Could it be that we are comfort eating to feel good and compensate for light and sun or do we just need more calories to keep our bodies warm? Although we can be drawn to processed carbohydrates and fattier foods in the winter, we can always choose their healthy counterparts… We can choose hot, tasty and satisfying foods like wholesome soups or meals which include beans, legumes, whole grains, some nuts and seeds and include plenty of fresh fruit and veggies in our diet. Meals like this will give that feeling of fullness, warmth and satiation while meeting all the body’s needs for complex carbohydrates, protein and good fats and essential nutrients. If fresh fruit and vegetables are difficult to find in your area in the winter months, nutritionists report that frozen ones are the next best choice. Canned beans can also healthily be substituted for home cooked when there is a lack of time to prepare.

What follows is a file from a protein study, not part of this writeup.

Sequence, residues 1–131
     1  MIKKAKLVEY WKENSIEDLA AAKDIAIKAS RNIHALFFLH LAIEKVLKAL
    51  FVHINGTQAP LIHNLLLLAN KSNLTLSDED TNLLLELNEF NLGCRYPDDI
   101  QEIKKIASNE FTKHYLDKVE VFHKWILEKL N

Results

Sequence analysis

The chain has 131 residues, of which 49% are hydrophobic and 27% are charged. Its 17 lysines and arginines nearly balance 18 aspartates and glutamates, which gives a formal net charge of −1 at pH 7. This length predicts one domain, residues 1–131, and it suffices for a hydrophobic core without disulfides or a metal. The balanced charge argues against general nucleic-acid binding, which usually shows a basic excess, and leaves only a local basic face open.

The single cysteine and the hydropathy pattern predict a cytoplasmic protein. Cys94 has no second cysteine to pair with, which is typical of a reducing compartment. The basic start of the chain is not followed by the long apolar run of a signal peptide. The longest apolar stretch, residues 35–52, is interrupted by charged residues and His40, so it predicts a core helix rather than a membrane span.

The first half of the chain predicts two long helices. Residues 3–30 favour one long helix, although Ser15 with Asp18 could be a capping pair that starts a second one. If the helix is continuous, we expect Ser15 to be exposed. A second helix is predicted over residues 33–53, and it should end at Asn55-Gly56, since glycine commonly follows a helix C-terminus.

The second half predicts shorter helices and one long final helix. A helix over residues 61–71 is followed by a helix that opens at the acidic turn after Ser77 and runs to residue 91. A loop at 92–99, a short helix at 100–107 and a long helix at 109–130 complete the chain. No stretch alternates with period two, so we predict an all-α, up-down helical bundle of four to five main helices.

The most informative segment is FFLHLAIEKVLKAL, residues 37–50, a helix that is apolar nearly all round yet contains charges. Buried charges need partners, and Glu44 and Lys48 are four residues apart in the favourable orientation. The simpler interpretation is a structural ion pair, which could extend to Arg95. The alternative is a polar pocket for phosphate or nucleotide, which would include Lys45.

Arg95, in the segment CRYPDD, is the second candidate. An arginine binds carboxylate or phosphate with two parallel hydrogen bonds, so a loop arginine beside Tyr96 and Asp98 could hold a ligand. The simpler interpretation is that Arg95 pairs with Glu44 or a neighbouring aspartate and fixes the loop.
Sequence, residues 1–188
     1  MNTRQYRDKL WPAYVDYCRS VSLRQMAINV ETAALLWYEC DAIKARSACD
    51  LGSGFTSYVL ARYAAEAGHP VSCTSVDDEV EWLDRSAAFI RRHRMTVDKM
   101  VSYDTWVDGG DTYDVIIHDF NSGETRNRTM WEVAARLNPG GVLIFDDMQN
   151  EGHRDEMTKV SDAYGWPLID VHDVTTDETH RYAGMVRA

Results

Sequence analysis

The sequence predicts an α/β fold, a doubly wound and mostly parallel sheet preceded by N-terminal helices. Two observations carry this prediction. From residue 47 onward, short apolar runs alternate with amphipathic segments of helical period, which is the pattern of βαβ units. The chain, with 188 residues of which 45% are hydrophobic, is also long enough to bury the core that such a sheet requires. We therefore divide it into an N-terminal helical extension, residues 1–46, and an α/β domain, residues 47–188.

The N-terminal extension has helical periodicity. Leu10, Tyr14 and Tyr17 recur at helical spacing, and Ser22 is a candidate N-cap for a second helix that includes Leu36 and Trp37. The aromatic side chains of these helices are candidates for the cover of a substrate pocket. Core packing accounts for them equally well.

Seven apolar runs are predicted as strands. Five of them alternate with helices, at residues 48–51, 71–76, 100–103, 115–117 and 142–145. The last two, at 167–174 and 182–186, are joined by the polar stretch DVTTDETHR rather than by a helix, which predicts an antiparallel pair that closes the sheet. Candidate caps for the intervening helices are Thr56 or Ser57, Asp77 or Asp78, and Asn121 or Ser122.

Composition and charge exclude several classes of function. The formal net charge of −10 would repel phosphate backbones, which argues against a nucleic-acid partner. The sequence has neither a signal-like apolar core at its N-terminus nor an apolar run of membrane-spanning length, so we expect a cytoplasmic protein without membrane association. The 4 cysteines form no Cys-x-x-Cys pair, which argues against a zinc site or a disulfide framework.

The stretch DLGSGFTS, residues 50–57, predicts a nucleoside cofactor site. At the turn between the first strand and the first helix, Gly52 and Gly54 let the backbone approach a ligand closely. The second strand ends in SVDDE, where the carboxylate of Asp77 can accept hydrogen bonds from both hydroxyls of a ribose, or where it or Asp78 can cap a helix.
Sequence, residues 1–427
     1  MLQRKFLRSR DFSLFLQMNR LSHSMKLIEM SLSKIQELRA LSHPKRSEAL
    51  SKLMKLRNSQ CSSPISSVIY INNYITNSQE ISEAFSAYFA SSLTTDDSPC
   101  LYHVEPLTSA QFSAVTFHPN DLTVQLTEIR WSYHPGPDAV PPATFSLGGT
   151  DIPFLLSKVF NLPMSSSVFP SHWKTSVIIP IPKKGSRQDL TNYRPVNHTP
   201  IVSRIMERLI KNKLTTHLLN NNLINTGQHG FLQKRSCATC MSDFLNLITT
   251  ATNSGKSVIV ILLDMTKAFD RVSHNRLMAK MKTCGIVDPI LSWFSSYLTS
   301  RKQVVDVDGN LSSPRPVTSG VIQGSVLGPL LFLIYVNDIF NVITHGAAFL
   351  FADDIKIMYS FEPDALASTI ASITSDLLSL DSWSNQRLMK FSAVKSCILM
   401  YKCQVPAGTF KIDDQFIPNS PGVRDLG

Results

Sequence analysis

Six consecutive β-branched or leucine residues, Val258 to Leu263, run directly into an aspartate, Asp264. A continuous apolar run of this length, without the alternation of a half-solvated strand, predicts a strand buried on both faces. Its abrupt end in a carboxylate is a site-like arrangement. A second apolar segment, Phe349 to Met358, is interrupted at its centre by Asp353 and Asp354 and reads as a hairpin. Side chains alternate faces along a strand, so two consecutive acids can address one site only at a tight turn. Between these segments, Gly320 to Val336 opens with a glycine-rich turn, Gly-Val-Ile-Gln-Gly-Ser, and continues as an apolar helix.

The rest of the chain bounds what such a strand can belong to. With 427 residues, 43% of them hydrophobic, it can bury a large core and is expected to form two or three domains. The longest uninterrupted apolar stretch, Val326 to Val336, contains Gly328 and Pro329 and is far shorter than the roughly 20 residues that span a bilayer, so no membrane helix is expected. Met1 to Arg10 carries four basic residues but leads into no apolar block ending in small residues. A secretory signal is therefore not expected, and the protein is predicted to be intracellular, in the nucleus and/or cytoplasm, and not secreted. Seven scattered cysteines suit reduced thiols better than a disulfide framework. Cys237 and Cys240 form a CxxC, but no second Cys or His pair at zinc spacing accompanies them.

When winter arrives there is also a part of us that longs to hibernate. During the long cold winter months it can seem that there can be nothing more enticing than to just go to bed, snuggle down in the covers and not wake up until spring. But life goes on and few of us are in the position to hibernate! It does make sense though to go with the flow and let our bodies have the extra sleep that they crave. When we allow ourselves adequate sleep, there is less chance of overeating and more chance of feeling better within ourselves.

Even if we are not at our best during the winter, there is a lot we can do to stay creative, fresh, alive and happy. Just follow these simple tips and beat the winter blues: